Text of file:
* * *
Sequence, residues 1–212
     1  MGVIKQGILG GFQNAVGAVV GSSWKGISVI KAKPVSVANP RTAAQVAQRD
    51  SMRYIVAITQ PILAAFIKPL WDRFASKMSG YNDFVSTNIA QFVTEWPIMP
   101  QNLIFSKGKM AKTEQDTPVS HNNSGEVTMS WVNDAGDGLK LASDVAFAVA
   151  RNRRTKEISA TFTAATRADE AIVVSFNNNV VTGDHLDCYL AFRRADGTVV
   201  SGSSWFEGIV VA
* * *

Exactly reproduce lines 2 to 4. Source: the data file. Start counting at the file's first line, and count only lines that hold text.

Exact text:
     1  MGVIKQGILG GFQNAVGAVV GSSWKGISVI KAKPVSVANP RTAAQVAQRD
    51  SMRYIVAITQ PILAAFIKPL WDRFASKMSG YNDFVSTNIA QFVTEWPIMP
   101  QNLIFSKGKM AKTEQDTPVS HNNSGEVTMS WVNDAGDGLK LASDVAFAVA